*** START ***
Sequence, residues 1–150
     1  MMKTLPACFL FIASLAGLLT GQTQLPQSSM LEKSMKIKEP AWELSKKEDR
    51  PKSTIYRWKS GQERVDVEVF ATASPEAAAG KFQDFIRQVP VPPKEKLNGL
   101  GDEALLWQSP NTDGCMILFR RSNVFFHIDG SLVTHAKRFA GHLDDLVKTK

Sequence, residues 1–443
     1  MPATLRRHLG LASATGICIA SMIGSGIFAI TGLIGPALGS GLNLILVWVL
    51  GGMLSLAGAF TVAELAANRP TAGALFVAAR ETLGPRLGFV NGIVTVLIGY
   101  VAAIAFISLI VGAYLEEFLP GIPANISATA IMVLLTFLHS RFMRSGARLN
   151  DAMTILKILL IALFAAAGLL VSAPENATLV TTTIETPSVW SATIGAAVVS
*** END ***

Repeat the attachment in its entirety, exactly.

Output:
Sequence, residues 1–150
     1  MMKTLPACFL FIASLAGLLT GQTQLPQSSM LEKSMKIKEP AWELSKKEDR
    51  PKSTIYRWKS GQERVDVEVF ATASPEAAAG KFQDFIRQVP VPPKEKLNGL
   101  GDEALLWQSP NTDGCMILFR RSNVFFHIDG SLVTHAKRFA GHLDDLVKTK

Sequence, residues 1–443
     1  MPATLRRHLG LASATGICIA SMIGSGIFAI TGLIGPALGS GLNLILVWVL
    51  GGMLSLAGAF TVAELAANRP TAGALFVAAR ETLGPRLGFV NGIVTVLIGY
   101  VAAIAFISLI VGAYLEEFLP GIPANISATA IMVLLTFLHS RFMRSGARLN
   151  DAMTILKILL IALFAAAGLL VSAPENATLV TTTIETPSVW SATIGAAVVS